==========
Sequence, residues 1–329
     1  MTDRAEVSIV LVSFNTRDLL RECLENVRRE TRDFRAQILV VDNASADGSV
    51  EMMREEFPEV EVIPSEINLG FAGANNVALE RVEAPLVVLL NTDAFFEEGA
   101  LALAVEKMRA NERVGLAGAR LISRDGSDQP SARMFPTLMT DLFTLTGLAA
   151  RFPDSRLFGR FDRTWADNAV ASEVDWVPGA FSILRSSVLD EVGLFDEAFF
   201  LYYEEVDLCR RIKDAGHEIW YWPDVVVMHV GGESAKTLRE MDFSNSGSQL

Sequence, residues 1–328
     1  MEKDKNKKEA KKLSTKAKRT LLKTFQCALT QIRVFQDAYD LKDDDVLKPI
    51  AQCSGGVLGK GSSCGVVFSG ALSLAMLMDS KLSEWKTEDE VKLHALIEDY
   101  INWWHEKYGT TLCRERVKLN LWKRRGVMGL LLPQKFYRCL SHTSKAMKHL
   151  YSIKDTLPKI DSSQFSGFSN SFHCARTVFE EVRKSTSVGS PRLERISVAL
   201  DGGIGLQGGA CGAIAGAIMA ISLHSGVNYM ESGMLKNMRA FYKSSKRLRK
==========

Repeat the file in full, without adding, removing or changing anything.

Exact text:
Sequence, residues 1–329
     1  MTDRAEVSIV LVSFNTRDLL RECLENVRRE TRDFRAQILV VDNASADGSV
    51  EMMREEFPEV EVIPSEINLG FAGANNVALE RVEAPLVVLL NTDAFFEEGA
   101  LALAVEKMRA NERVGLAGAR LISRDGSDQP SARMFPTLMT DLFTLTGLAA
   151  RFPDSRLFGR FDRTWADNAV ASEVDWVPGA FSILRSSVLD EVGLFDEAFF
   201  LYYEEVDLCR RIKDAGHEIW YWPDVVVMHV GGESAKTLRE MDFSNSGSQL

Sequence, residues 1–328
     1  MEKDKNKKEA KKLSTKAKRT LLKTFQCALT QIRVFQDAYD LKDDDVLKPI
    51  AQCSGGVLGK GSSCGVVFSG ALSLAMLMDS KLSEWKTEDE VKLHALIEDY
   101  INWWHEKYGT TLCRERVKLN LWKRRGVMGL LLPQKFYRCL SHTSKAMKHL
   151  YSIKDTLPKI DSSQFSGFSN SFHCARTVFE EVRKSTSVGS PRLERISVAL
   201  DGGIGLQGGA CGAIAGAIMA ISLHSGVNYM ESGMLKNMRA FYKSSKRLRK